Rome’s Jewish Ghetto is an often overlooked treasure of Rome. This neighborhood is rich in archaeological and cultural heritage, delicious traditional Roman cuisine and religious history that dates back many centuries.
Rome’s Jewish community is probably the oldest in the world outside of the Middle East, dating back to around 161 BC. The community has endured from classical times on up to the present and still has a vibrant community of about 15,000 people.
The history has gone through continual ups and downs including the difficult period during the second world war.
No one knows the Jewish Ghetto better than Micaela Pavoncello. Listen to my fascinating chat with Micaela as she recounts some of the amazing stories about her Jewish Ghetto neighborhood.
When in Rome: the Jewish Ghetto with Micaela
If you make a trip to Rome be sure to schedule a tour of the Jewish Ghetto with Micaela Pavoncello. Her Jewish Roma website has lots of tour options to choose from but you'll probably want to start with the Ghetto and Jewish Museum Tour.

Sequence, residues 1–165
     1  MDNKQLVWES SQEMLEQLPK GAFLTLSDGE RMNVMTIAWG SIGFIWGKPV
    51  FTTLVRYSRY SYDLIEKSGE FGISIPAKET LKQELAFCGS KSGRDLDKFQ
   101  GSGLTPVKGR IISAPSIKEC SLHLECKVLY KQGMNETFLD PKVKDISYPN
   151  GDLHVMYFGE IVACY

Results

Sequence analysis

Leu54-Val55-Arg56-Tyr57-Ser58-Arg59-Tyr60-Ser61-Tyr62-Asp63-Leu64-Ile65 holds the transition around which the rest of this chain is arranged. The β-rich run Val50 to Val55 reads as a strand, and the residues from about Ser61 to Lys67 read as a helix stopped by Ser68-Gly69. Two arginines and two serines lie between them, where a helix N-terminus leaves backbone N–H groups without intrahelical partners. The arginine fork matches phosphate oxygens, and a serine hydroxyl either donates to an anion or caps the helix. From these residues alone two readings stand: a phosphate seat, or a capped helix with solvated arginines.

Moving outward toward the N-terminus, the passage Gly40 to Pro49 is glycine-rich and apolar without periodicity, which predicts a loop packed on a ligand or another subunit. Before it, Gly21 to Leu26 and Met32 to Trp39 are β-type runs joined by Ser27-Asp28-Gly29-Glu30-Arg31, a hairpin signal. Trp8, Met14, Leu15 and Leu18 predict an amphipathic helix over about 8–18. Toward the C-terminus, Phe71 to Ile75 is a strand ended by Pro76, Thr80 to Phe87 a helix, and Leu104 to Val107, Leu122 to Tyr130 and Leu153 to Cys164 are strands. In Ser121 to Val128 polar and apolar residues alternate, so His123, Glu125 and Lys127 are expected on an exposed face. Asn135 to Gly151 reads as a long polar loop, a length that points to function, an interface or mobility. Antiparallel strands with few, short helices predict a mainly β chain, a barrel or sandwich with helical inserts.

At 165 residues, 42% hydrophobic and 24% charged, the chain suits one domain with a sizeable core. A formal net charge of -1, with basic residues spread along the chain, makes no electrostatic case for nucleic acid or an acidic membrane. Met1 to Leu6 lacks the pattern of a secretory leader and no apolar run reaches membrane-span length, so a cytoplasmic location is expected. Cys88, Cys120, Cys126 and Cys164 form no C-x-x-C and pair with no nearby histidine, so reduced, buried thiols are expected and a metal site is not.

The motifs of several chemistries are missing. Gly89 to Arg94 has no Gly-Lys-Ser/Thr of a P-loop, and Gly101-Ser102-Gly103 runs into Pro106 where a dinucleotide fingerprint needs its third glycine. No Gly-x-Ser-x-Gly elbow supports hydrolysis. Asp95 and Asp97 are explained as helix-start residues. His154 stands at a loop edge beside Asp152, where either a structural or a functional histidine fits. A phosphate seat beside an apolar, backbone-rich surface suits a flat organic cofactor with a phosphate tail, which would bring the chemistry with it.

Micaela knows her history inside and out plus she shares her personal insights and stories that are hers alone and absolutely fascinating.
She's always strolling around the neighborhood and knows all the locals, many who have lived in the Ghetto for a lifetime. On her tour Micaela might introduce you to Emanuele a charming multilingual 92-year-old Jewish man who as a 12-year-old boy just barely avoided deportation during the second world war. He was saved by a tram driver during the October 16, 1943 round-up and mass deportation of Roman Jews. The driver kept him hidden on his tram for almost 3 days until Emanuele was reunited with his father. His mother was deported and sent to Auschwitz where she was gassed.
Stolpersteine (Stumbling Stones)
As you walk through the Ghetto, and many other areas in Rome, you’ll find names of the deportees engraved in Stolpersteine (Stumbling Stones). These are sampietrini stones covered with a brass plate and the name of the Jew who was deported, the date of deportation and concentration camp where he or she was taken. Stolpersteine are always placed on the pavement just outside the home of the Jew who was deported.
Micaela will point these out to you on the tour and she'll also share her own story of her 10 year endeavor to get her Grandmother’s Stolpersteine placed outside her home.
Other Jewish Rome Tours
Micaela offers many tours including a tour of the Ostia Antica Synagogue, the Jewish Catacombs, and the Jewish Vatican.
If you aren’t traveling to Rome you can still participate virtually in the Jewish Ghetto through Micaela’s Zoom Virtual Tour.
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